Black Heroes of the Wild West

Black Heroes of the Wild West cover

The three exciting stories James Otis Smith tells in Black Heroes of the Wild West — those of Mary Fields, Bass Reeves, and Bob Lemmons — represent only a small part of the variety of Black experience on the American frontier. All three people were born into slavery but used their skills to set their own paths. These tales are told to refute the popular assumption that cowboys and other Wild West denizens were white.

Mary Fields was a stagecoach driver who held off a pack of wolves single-handedly. She astounded everyone with her strength, determination, and hard work.

The chapter on Bass Reeves shows him going undercover as a traveling worker in order to apprehend wanted criminals. He was really a Deputy U.S. Marshal who, based on this story, took advantage of how people’s stereotypes led to them underestimating him. He also may have inspired the story of the Lone Ranger.

Bob Lemmons captured herds of mustangs by using techniques that were kinder to the wild horses than the usual methods. He understood horses and acted like one of them.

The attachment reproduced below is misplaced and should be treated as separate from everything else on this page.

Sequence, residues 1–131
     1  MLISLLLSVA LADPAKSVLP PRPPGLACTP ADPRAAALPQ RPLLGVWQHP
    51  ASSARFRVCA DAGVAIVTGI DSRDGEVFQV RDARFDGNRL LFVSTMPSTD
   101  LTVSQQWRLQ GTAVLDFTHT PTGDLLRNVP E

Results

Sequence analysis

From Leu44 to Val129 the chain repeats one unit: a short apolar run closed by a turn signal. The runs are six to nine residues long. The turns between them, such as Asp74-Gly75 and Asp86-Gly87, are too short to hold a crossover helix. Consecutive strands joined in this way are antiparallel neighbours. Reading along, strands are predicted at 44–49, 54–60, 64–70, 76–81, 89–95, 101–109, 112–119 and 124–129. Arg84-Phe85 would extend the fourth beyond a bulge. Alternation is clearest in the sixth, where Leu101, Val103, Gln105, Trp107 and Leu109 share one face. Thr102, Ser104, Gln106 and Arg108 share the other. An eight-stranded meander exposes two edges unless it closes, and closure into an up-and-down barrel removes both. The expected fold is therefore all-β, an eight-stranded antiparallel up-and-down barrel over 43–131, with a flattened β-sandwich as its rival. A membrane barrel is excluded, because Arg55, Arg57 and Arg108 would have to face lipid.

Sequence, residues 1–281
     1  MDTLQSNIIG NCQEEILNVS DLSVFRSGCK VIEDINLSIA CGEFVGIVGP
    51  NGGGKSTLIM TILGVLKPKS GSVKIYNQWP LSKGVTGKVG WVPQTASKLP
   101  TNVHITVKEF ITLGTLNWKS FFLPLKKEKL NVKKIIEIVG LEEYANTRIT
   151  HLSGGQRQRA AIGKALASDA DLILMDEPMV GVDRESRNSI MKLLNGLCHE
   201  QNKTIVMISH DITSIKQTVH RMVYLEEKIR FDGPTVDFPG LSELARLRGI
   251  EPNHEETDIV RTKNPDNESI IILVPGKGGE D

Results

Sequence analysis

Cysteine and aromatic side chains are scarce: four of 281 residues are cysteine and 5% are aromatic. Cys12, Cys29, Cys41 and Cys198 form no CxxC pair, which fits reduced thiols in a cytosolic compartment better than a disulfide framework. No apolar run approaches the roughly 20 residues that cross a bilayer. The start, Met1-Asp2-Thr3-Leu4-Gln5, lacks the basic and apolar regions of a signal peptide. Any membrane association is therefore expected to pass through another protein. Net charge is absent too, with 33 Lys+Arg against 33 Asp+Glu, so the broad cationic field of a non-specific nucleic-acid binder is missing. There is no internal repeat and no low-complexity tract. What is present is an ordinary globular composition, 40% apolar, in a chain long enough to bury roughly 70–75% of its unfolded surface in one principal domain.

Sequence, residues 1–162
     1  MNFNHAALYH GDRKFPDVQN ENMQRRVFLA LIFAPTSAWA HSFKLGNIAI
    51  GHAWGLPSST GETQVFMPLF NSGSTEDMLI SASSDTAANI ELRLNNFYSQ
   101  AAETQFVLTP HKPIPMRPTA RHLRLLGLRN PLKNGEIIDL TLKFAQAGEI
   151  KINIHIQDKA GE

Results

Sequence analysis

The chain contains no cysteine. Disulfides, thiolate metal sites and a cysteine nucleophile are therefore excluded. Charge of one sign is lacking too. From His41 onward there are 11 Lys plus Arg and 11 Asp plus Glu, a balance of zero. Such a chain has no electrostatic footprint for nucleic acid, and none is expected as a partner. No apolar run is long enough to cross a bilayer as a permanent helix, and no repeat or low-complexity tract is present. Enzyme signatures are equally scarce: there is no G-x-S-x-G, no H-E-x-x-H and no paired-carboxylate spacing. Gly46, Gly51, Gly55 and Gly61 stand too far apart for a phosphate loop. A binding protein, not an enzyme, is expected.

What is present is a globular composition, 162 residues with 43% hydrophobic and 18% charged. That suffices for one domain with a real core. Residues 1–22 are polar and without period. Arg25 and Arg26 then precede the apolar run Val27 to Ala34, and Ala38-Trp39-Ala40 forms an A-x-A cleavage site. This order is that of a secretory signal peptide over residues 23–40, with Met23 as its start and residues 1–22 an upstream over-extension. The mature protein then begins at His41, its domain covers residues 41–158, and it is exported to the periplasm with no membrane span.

Black Heroes of the Wild West cover

The art sets the mood of the time period as well as showing how active and dynamic these people were. It takes second place to the text, which conveys the details of the scenes. Instead of telling the story, the images capture active or emotional moments.

The inclusion of photographs as endpapers and chapter openings reinforces that there are real people behind these almost unbelievable tales. They provide valuable evidence that grounds the extraordinary events, as well as showing how many more stories were out there.

The introduction by painter Kadir Nelson discusses the importance of representation, particularly when it comes to lesser-known historical facts. This theme continues in the background text material, which explains how diverse cowboys were. Also covered are buffalo soldiers, cattle drives, the myth of the Wild West, and several other related topics.

All this material — which also includes a timeline and a list of additional reading — shows how much bigger Black Heroes of the Wild West could have been. It almost feels like a tease, as we get only a few stories when there are clearly so many more. (The publisher provided a review copy and has posted preview pages. Review originally posted at Good Comics for Kids.)

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